4 min read

Stepping Into Your Role As A Leader

Stepping Into Your Role As A Leader
Photo by NEOM / Unsplash

The reason I wrote my last book, Craftsman Creative: How Five-Figure Creators Can Build Six-Figure Businesses is to help creators shift their mindset to start thinking like business owners.

The next shift is to go from business owner to CEO of a team of people who work with you and for you.

Often this means that you’re doing less of the artistic or creative work which can be delegated to others that you hire or contract, to make room for more of the business owner responsibilities.

If you started a video production company as a director, cinematographer, and editor, then you need to let go of at least two of those roles in order to make room for the responsibilities of being the CEO. Hire a cinematographer, editors, and other crew to help you if you want to be the director, but know that you’ll hit a ceiling because of the bottleneck of “your time”.

If you can only direct four projects a month, then your company can only produce four projects a month. If, instead, you decide to hire a director - or two or three - to replace you or supplement your time, then you could produce not only four, but eight or twelve projects a month.

Your responsibilities as a leader include developing the talent you hire, providing good pay and working conditions for them, and creating opportunities for growth and advancement. You take on aspects of an HR department long before you hire an HR department. These things take time, and if you spend all of your time in the day to day activity of the business, you’re neglecting your team, your company, and your future growth.


  • List out all of the activities you do in a given week. You can do this from memory or you can do some time tracking for a week - every hour write down what you did during your work day. Include everything from the creative work, the emails, the meetings, everything.
  • Then go back over that list and highlight the activities that only you can do.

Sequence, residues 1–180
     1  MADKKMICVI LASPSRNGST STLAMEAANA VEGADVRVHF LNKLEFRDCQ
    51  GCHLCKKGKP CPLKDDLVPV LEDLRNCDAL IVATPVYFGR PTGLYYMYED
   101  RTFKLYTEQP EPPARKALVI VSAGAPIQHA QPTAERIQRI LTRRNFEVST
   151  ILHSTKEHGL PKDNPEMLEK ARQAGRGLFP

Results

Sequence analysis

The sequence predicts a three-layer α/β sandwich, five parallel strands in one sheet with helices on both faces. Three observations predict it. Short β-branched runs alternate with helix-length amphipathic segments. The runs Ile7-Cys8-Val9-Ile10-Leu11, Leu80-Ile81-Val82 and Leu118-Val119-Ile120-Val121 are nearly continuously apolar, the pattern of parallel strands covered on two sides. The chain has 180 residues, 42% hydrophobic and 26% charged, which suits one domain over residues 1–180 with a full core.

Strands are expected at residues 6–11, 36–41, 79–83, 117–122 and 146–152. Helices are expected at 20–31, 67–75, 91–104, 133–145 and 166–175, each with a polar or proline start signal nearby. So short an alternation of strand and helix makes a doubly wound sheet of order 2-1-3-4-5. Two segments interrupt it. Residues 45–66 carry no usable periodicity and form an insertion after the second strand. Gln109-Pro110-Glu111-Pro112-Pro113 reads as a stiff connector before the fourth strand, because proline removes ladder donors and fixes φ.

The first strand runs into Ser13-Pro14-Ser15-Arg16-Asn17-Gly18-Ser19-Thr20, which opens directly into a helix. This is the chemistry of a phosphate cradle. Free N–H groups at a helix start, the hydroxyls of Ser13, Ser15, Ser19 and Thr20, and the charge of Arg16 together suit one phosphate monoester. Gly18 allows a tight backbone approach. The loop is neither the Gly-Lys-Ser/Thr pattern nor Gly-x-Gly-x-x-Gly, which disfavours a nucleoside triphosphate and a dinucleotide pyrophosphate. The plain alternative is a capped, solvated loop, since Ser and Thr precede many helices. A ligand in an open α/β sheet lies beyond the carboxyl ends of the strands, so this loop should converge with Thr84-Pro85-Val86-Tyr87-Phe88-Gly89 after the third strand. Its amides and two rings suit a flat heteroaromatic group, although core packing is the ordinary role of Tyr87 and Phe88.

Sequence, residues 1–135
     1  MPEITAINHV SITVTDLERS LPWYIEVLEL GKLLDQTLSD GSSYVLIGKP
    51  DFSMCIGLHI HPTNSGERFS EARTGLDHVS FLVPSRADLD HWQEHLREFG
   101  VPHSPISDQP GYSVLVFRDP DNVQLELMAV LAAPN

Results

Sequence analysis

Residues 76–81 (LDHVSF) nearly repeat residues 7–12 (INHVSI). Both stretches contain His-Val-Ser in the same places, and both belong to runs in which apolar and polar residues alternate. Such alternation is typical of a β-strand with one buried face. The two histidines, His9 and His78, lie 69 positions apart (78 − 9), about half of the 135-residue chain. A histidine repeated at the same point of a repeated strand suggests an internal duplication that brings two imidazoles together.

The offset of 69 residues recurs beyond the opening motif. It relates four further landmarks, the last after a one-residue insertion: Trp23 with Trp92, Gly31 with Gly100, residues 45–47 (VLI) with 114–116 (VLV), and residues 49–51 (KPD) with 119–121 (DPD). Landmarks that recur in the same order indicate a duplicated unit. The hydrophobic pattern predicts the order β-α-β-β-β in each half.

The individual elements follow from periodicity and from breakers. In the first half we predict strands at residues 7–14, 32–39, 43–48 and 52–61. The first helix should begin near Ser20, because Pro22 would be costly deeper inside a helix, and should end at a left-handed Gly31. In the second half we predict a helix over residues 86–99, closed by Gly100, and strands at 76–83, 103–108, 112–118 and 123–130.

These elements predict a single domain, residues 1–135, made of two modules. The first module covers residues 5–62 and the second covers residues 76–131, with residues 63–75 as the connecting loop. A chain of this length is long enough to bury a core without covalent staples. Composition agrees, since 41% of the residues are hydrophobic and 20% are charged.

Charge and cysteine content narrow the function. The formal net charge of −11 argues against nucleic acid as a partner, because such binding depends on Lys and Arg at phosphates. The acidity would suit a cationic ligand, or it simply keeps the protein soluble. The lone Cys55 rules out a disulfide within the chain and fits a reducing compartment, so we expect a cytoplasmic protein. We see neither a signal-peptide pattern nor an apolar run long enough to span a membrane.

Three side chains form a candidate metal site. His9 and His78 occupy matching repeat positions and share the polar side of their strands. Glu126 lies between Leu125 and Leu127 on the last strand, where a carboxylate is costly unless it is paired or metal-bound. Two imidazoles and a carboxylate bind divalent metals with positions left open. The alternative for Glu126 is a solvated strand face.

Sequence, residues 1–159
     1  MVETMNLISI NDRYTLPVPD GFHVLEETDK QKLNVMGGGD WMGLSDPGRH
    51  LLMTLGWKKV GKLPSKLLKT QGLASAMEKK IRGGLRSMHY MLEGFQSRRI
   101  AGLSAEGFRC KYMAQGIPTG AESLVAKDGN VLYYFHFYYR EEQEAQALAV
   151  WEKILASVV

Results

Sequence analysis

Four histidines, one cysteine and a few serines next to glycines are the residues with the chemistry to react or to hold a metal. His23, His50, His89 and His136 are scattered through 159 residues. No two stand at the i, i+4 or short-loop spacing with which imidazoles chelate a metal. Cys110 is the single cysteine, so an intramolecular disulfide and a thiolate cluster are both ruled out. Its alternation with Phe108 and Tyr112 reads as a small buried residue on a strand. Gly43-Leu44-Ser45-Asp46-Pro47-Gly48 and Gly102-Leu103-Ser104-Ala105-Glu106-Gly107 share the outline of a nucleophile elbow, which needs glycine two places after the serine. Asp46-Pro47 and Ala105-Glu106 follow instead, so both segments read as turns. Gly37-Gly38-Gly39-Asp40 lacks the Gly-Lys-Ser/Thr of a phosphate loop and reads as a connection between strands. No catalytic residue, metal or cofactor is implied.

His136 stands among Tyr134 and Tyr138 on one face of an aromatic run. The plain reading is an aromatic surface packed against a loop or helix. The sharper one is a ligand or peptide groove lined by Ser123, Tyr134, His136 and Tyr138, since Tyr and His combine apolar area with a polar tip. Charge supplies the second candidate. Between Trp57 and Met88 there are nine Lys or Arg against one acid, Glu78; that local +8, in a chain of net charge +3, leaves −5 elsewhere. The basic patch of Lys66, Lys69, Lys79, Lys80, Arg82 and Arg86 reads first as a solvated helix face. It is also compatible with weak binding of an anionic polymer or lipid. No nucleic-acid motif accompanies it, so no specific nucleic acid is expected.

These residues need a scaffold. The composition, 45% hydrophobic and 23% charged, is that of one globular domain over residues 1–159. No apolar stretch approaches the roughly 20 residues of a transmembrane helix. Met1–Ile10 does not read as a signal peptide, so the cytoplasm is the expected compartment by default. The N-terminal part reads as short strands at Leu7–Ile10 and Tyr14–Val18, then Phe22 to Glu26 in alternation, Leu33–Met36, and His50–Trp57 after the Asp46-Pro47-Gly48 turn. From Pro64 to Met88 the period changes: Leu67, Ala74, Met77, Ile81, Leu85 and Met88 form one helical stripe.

• Go back over the list a second time and highlight (with a different color) the activities you can delegate to someone on your team. If you don’t have a team yet, think about what could be handed off to a contractor or virtual assistant.
  • Go over the list a third time and cross out anything you can delete from your schedule. Activities that don’t deserve your time and attention. It could be things like scrolling social media or getting to inbox zero or systems that take way too long and need to be re/built from the ground up.
  • With your list in hand, do some quick calculations to see how much time you’re spending doing work that only you can do. You may find that you’re only using 10-15% of your week for that category of work. The goal, then is to increase that percentage week over week and month over month.
  • Keep in mind that 100% is an unrealistic goal, especially if your current percentage is less than 50%. You will always have new things that pop up into your schedule that you deem “only you can do”, but you’ll find out after that you could have delegated that. The goal should be to get better each week, not perfection.
  • When you’re north of 80% of your time spent on work that “only you can do”, you will have freed up all of that time on “delegate” and “delete” tasks to grow your business, build new systems, invest in new assets, create new projects, partner with new investors and collaborators, and create the business that only you can build. This isn’t about growth at all costs, it’s about freedom. Freeing up your time to work on the things only you can do, and then creating a business that gives you the financial freedom, freedom of time, and freedom of purpose so that you can have the massive impact you want to have on the world.

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Impact - What We’re Really After
Your business is the vehicle to get your values out into the world. To have the impact you want to have on the people around you.


You’ve reached the next subsection of the book! Glad to see you here, and excited to walk you through this next bit, as I can attribute so much of my success to shifting this mindset around outcomes. The name for my business “Craftsman Creative” came from the book So